Six months after the Fukushima Daiichi nuclear meltdown, Japan is still grappling with re-establishing power generation back to pre-quake levels.
Nationwide energy production is down 7% on the previous summer, while power generation in Greater Tokyo has dropped 20%.
To avoid power outages, the government called on major industrial energy consumers to cut power usage over the summer by 15%. All companies met or exceeded their targets, but electricity rationing has caused numerous hardships.
Nonetheless, energy shortages could continue for at least another year. Only 11 out of 54 of Japan’s reactors are currently online. Officials say that all reactors could be offline by May next year as more are closed for annual maintenance. This suggests further power rationing next summer and threatens corporate Japan with unstable energy supply, which, according to a Tokyo think tank, will force Japanese industry overseas with hundreds of thousands of job losses.
Prime Minister Yoshihiko Noda is making way for a new pragmatic nuclear policy to meet Japan’s energy needs, which calls for no nuclear plants to be built, but with nuclear power being part of Japan’s energy mix for coming years.
Noda supports the view that there should be no additional construction of nuclear plants because of safety concerns after the meltdown of the Fukushima plant, but maintained that the shift away from nuclear power should be gradual and that nuclear power will continue to be an essential power source for Japan in spite of the Fukushima disaster.
Analysts say Japan, which is dependent on the Middle East for 90% of its oil imports, will face difficulties meeting energy needs without nuclear power. According to Royal Bank of Scotland analysts, competition for scarce resources in Asia will intensify in coming years, and Japan is likely turn to liquid natural gas if it moves away from nuclear power.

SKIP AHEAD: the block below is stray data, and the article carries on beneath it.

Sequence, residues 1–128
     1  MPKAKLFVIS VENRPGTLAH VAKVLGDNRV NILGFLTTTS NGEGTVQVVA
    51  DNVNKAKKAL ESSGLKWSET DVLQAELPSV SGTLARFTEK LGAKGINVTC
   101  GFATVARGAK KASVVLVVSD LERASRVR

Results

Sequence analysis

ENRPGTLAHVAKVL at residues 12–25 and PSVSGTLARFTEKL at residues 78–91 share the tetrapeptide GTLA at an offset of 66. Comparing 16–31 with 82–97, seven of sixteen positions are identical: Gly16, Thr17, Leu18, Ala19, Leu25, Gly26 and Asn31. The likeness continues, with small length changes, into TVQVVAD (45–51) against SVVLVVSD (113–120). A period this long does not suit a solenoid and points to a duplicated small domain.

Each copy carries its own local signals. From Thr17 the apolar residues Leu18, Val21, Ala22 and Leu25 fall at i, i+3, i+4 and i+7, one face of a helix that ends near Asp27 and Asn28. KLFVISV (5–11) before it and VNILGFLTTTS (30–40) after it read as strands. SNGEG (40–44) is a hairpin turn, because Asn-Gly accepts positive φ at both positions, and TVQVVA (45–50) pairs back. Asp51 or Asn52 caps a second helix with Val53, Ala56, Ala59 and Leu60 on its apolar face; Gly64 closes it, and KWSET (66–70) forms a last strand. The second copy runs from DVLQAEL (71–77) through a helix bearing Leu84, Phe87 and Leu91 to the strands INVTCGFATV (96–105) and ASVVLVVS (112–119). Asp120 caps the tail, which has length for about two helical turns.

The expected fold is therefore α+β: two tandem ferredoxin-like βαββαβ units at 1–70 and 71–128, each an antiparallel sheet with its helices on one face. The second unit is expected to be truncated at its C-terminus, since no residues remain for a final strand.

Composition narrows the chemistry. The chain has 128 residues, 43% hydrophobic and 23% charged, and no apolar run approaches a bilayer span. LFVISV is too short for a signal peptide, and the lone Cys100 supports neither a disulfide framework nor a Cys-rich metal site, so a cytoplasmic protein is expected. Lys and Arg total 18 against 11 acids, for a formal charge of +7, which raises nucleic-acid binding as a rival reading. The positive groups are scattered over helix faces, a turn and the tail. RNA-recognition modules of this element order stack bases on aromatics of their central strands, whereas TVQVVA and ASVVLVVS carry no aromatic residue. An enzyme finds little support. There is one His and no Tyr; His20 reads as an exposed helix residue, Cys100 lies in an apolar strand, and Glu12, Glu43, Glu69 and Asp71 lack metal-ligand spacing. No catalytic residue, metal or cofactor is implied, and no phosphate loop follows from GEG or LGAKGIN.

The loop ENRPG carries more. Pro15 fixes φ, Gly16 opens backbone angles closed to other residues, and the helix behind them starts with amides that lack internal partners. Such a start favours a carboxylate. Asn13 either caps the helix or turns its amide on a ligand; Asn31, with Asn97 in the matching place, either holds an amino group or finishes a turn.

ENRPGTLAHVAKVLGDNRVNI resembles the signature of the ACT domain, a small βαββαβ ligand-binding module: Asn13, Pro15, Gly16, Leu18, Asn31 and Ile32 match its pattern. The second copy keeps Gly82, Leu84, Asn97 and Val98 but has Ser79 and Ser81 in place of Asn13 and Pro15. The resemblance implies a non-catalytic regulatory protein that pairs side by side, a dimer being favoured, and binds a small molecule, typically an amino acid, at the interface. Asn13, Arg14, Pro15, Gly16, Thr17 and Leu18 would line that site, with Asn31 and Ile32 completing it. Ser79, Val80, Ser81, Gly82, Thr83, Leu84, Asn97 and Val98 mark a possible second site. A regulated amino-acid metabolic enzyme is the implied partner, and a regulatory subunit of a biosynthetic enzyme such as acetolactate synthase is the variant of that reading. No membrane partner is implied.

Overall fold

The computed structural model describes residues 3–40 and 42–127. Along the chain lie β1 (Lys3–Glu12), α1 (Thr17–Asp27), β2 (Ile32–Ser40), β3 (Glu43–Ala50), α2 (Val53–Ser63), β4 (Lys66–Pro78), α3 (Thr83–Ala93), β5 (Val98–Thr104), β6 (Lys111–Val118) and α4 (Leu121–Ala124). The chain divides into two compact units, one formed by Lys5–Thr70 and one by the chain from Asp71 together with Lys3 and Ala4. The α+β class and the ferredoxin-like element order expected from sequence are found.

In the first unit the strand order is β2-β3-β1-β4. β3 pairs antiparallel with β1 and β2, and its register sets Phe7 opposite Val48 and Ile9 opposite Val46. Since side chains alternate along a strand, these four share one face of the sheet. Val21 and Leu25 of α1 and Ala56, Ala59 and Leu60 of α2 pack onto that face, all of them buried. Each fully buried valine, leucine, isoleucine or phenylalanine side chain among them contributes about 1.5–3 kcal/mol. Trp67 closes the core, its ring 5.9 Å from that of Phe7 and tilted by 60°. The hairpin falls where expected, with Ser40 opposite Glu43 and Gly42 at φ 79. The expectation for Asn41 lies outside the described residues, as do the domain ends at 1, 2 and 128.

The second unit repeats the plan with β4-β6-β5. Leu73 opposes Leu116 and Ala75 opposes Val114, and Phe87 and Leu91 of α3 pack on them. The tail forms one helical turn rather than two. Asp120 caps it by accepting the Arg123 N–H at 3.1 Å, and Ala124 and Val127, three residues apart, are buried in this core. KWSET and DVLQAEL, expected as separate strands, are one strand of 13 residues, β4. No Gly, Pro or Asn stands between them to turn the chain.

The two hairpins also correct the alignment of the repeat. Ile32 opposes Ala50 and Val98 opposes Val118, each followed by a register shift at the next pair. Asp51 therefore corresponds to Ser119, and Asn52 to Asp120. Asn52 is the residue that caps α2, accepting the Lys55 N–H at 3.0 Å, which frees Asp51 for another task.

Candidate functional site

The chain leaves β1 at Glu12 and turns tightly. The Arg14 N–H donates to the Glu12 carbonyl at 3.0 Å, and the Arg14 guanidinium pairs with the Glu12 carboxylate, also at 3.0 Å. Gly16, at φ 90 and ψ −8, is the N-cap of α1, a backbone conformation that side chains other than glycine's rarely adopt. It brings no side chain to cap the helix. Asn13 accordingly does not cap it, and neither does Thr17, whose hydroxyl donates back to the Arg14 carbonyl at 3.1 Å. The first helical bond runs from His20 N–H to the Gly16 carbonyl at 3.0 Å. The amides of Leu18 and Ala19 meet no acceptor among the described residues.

Societe General economist Tak Okubo said Noda had cultivated ties with industry and is more sympathetic to the problems caused by high energy costs to businesses. Even if Noda is in favour of ending nuclear power, he is forging a broad support base, including strengthening ties with nuclear power groups, with his political legacy in mind, Okubo said.
But his position is not yet fully established, as he appointed veteran lawmaker Yoshio Hachiro – known for his anti-nuclear stance – as minister of Economy, Trade, and Industry, which oversees Japan’s nuclear policy.
Meanwhile, a new development has added to a scandal that has hindered Japan’s efforts to restart offline nuclear reactors after the Fukushima disaster.
Independent investigators discovered that the governor of Saga province told operator Kyushu Electric Power to send emails backing the restart of two reactors at the company’s Genkai Nuclear Power Station. The company has admitted to ordering employees to pose as regular citizens by sending emails during an online meeting in June held to decide on the restart of the reactors.
Report: After Fukushima: Japan’s energy crisis (CNN, 9 Sep 2011)
Analysis: Japan’s nuclear priorities seen shifting (Wall Street Journal, 8 Sep 2011)
Report: Japan Official Ordered Nuclear E-Mails, Inquiry Finds (New York Times, 8 Sep 2011)